A little sweating is good for the pace of work in an Office. Research at the Clyde University shows that employees are more active in front of their computers and make fewer mistakes as the room temperature rises. The remarkable research by scientist Alan Hedge took place in 2004 in an insurance office in the City mof Glasgow. For a month he recorded the number of keystrokes of the 49 employees and the number of times they entered text later corrected. The temperature increased slowly in the course of four weeks of 20 degrees to 25 degrees Celsius. ‘Workers typed at 25 degrees twice as much in a minute if at 20 degrees’, he explains in The Scotsman. In addition, the subjects made more errors when the temperature was low. A warm office environment can therefore save employers money, claims Hedge. ‘ About 2 dollars per employee per hour.’ Obviously, hot and coldespots should be avoided. This can easily be achieved with Underfloor Heating Glasgow. Woth underfloor heating there is less airflow and the temperature only drops 2 degrees at the height of two meters. Undefloor heating als runs at much lower temperatures, thus saving even more money.
# 5. Drive out passivity with air conditioning
There is some confusion though as far as the temperature in offices is concerned. If the temperature rises to above the 25 degrees, then the performance of most people go down. That calculated Shin-ichi Tanabe, a Professor of architecture at the University of Tokyo. At each degree rise above 26 degrees the productivity of the average worker would decrease with 2 percent, according to the New York Times. To cut a long story short: an air conditioning system will pay for itself according in one hot summer. There is more disagreement among scientists about the optimum working temperature. A study at the University of Helsinki found that most Finns do not perform well at 25 degrees, but do 22 degrees.
# 6. Avoid sleepy morning faces with sunlight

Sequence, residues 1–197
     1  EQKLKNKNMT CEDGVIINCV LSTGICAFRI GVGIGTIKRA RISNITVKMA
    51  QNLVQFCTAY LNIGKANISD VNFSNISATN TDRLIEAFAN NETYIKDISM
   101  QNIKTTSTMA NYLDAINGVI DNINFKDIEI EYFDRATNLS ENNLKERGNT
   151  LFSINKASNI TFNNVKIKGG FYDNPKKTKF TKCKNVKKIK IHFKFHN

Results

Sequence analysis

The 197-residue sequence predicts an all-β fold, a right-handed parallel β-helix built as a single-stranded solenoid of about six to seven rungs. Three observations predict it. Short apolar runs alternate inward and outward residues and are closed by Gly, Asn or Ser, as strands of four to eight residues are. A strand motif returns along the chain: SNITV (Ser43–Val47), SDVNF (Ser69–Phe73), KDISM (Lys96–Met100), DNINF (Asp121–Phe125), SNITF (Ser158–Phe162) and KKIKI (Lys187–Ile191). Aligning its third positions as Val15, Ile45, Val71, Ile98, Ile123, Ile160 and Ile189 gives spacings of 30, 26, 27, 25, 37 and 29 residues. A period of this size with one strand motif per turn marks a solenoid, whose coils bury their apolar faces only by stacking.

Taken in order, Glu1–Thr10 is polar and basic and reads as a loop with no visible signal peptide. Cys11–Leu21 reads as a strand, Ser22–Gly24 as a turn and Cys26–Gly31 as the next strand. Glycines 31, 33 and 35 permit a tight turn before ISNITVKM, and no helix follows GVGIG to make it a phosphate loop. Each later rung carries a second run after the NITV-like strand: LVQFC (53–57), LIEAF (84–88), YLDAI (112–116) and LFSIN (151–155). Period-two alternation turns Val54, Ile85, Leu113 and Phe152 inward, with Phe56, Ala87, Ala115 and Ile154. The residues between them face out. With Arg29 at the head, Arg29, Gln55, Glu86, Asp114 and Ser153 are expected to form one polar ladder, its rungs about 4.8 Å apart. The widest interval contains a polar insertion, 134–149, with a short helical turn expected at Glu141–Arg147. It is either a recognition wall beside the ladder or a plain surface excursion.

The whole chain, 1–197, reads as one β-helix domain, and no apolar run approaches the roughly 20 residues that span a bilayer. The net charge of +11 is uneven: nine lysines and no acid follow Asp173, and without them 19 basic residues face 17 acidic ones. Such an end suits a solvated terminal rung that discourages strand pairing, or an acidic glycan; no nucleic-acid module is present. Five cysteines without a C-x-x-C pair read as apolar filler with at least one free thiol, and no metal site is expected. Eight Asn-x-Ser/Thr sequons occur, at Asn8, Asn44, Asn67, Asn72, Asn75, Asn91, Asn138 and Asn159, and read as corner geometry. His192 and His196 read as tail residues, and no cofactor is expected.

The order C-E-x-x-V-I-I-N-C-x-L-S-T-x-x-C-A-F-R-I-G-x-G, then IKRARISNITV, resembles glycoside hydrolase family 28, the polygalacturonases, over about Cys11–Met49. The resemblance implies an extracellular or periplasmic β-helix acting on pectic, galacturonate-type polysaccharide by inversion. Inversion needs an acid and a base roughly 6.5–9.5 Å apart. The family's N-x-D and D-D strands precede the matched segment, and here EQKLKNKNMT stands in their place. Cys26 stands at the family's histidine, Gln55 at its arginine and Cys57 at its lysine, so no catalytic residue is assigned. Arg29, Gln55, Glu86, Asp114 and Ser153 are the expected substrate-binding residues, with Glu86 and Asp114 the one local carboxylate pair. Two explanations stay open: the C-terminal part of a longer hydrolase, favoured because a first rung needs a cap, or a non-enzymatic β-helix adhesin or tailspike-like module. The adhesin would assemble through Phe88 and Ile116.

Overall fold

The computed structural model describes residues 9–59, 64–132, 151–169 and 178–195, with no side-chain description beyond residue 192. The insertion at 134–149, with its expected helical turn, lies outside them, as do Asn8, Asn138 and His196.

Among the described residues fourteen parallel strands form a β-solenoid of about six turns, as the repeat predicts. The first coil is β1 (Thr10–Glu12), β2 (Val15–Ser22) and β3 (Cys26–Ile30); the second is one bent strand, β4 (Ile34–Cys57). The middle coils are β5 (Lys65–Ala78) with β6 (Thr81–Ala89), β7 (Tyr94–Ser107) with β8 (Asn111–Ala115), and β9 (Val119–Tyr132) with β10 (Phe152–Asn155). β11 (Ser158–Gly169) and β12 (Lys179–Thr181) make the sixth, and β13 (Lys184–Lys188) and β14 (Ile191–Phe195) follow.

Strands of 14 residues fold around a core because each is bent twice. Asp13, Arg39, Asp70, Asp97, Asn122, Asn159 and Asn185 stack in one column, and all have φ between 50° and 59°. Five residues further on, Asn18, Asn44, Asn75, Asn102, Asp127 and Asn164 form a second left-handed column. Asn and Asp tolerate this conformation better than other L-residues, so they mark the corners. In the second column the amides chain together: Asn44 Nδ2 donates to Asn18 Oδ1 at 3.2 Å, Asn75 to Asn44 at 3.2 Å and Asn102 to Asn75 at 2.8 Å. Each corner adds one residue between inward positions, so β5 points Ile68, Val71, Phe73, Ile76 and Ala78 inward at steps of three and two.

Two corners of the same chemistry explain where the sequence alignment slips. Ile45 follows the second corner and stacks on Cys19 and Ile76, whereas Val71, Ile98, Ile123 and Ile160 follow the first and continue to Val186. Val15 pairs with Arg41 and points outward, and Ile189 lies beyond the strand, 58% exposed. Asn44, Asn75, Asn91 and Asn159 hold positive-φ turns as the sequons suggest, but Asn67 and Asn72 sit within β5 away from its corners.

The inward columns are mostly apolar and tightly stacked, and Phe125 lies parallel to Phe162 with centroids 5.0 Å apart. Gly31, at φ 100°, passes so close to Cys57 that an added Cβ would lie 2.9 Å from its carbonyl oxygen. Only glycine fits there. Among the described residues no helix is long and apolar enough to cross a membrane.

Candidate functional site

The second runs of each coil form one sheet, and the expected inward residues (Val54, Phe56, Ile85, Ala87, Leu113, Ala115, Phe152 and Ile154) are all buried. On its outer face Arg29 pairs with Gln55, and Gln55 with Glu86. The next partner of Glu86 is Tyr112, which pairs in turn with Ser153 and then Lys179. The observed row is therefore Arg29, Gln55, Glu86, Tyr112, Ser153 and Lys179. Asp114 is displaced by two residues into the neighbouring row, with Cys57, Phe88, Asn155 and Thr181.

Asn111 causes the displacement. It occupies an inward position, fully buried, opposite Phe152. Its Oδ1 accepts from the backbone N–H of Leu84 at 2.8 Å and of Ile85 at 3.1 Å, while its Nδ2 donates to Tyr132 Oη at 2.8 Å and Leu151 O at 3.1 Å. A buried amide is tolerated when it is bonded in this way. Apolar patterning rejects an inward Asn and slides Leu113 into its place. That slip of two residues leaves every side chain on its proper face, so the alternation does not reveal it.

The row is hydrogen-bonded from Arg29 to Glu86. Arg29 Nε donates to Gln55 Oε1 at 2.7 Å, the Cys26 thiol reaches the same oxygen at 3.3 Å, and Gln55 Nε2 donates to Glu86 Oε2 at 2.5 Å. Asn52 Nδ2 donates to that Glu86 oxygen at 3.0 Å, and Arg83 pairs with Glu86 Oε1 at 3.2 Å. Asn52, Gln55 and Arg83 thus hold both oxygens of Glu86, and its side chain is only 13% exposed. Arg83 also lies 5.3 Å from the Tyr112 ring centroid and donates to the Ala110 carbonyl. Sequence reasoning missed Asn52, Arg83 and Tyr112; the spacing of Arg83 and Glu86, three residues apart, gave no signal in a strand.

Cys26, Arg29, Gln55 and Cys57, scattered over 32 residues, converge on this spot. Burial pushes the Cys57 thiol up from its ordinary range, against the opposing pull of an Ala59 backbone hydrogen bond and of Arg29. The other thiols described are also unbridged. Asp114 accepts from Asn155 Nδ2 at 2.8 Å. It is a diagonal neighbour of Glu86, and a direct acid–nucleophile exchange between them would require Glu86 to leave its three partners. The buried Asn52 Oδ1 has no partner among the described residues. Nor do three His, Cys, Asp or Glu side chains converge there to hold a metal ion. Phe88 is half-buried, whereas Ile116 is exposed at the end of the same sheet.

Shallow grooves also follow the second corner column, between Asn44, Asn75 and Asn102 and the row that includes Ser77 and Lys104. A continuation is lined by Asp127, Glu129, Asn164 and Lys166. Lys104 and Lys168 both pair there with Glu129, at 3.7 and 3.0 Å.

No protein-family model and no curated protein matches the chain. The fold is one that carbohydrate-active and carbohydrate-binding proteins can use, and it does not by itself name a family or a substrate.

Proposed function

With workstations in dark corners of an office you create employees that haven’t had sufficient sleep during the night. Employees with a desk at a great distance from a window will sleep on average 46 minutes shorter than people who did work in sunlight. Scientists gace 49 Office workers an electronic bracelet that kept an eye on how much natural light they were exposed to and what their sleep patterns were. The subjects also had to complete questionnaires about their mental alertness and activity. What turned out to be? People who were sitting near a window during the day, did not only sleep longer, they also feel fitter. They also spent more time on sports outside the working hours. Lead researcher Mohamed Boubekri therefore recommends that workstations in offices should always be posotioned within seven meters of a window. ‘ The daylight from side windows disappears almost completely if you are further away from the window.’ Good architects take this into account when designing an office building and so do office fit out companies.
# 7. Care for creativity with twilight
Most creative ideas arise in the dark but other experiments show that if the emphasis is on logical reasoning rather than on creativity, tests can be made better in bright spaces. According to main field of Steidel Anna the ideal office contains therefore both light and darker rooms. ‘Then you have the right light Setup for all activities in the House.’